I gave him a hard look.
Stepping away from the plate, I took a few more practice swings. I almost missed Elliot coming up behind me. He reached his arms around me and positioned his hands on the bat, flush with mine.
“Let me show you,” he said in my ear. “Like this. Feel that?Relax. Now pivot your hips- it’s all in the hips.”
I could feel my face heat up with the eyes of the entire class on us. “I think I’ve got it, thanks.”
“Get a room!” Marcie called to us. The infield laughed.
“If you’d throw her a decent pitch,” Elliot called back, “she’d hit the ball.”
“My pitch is on.”
“Her swing is on.” Elliot dropped his voice, speaking to me alone. “You lose neye contact the minute she lets go of the ball. Her pitches aren’t clean, so you’re going to have to work to get them.”
“We’re holding up the game here, people!” Miss Sully called out.
Just then, something in the parking lot beyond the dugout drew my attention. I thought I`d heard my name called. I turned, but even as I did, I knew my name hadn’t been said out loud. It had been spoken quietly to my mind.
Patch wore a faded blue baseball cap and had his fingers hooked in the chain-like fence, leaning against it. No coat, despite the weather. Just head-to-toe black. His eyes were opaque and inaccessible as he watched me, but I suspected there was a lot going on behind them.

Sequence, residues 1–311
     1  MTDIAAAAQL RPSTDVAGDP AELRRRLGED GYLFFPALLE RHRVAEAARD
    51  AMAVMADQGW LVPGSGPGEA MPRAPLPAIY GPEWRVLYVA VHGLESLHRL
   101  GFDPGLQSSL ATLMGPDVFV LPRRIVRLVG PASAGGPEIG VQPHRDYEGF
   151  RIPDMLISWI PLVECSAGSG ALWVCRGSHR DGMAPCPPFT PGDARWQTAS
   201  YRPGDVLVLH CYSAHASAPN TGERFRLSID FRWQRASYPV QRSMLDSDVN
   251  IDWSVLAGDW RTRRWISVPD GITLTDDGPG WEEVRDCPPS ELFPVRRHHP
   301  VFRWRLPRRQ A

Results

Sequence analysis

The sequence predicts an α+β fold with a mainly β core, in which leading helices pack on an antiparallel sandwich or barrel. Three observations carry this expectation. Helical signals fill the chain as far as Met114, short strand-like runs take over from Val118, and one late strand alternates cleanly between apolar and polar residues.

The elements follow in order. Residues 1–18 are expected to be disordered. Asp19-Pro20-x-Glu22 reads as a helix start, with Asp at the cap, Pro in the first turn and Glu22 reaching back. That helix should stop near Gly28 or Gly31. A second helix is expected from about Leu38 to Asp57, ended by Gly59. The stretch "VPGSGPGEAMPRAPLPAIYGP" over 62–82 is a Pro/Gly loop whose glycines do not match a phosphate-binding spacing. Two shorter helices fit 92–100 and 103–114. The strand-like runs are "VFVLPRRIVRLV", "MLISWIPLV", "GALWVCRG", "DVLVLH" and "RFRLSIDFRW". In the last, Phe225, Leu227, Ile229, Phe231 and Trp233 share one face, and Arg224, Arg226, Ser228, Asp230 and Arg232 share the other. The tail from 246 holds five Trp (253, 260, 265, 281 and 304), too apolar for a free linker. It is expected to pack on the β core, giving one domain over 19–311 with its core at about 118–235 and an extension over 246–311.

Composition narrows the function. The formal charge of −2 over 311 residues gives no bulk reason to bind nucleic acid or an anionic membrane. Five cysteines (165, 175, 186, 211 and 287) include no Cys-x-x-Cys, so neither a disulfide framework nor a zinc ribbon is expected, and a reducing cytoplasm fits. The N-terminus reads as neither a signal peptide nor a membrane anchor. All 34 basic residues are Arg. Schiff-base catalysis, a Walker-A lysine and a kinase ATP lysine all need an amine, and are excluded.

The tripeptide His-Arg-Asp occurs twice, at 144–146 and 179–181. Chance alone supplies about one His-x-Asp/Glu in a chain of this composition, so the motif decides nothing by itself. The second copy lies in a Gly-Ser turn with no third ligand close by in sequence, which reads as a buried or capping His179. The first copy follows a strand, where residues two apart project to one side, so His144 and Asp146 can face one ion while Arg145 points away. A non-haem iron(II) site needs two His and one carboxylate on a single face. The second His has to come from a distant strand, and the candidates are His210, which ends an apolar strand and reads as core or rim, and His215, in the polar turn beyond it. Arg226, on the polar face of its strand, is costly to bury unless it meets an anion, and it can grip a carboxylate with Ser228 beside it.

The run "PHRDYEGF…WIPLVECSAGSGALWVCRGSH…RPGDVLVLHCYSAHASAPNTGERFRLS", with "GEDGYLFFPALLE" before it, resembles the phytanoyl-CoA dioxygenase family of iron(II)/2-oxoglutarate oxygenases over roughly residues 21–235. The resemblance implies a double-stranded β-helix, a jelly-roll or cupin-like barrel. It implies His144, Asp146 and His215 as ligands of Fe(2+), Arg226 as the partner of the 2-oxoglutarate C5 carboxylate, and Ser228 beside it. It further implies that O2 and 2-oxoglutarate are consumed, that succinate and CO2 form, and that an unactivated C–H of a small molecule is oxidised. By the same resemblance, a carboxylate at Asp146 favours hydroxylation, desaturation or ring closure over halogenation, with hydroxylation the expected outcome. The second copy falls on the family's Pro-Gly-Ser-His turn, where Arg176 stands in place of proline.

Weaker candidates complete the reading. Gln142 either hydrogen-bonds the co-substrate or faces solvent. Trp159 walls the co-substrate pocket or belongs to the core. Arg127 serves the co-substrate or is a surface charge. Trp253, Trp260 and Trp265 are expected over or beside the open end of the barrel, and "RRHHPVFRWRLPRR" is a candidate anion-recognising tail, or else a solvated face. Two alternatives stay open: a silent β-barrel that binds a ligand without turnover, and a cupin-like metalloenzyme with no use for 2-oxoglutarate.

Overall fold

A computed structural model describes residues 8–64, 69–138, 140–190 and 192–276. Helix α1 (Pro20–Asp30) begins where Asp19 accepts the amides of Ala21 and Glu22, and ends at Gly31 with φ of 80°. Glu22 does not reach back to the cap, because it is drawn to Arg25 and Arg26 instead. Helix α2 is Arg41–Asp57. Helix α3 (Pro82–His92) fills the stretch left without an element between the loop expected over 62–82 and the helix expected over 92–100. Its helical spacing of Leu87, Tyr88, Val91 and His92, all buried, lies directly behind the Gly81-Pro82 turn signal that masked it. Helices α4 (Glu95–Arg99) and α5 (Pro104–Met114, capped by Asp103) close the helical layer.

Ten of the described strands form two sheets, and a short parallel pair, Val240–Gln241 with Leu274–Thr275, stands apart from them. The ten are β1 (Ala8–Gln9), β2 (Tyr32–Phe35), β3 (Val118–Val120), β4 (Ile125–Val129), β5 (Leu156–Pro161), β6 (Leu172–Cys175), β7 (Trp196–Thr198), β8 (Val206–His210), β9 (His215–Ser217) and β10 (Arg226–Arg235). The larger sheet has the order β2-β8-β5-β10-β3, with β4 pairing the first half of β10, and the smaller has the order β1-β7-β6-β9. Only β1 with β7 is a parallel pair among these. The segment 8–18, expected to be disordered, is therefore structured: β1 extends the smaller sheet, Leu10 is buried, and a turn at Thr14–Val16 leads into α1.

Another string of words crept into my mind.
Batting lessons? Nice. . . touch.
I drew a steadying breathe and told myself I imagined the words. Because the alternative was considering that Patch had power to channel thoughts into my mind. Which couldn’t be. It just couldn’t. Unless I was delusional. That scared m,e more than the idea that he had breached normal communication methods and could, at will, speak to me without ever opening his mouth.
“Grey! Head in the game!”
I blinked, jerking to life just in time tp see the ball rolling through the air toward me. I started to swing, then heard another trickle of words.
Not. . . yet.
I held back, waiting for the ball to come to me. As it descended, I stepped toward the front of the plate. I swung with everything I had.
A huge crack sounded, and the bat vibrated in my hands. The ball drove to Marcie, who fell flat on her backside. Squeezing between shortstop and second base, the ball bounced in the outfield grass.
“Run!” my team shouted from the dugout. “Run, Nora!”
-Hush, Hush by Becca Fitzpatrick.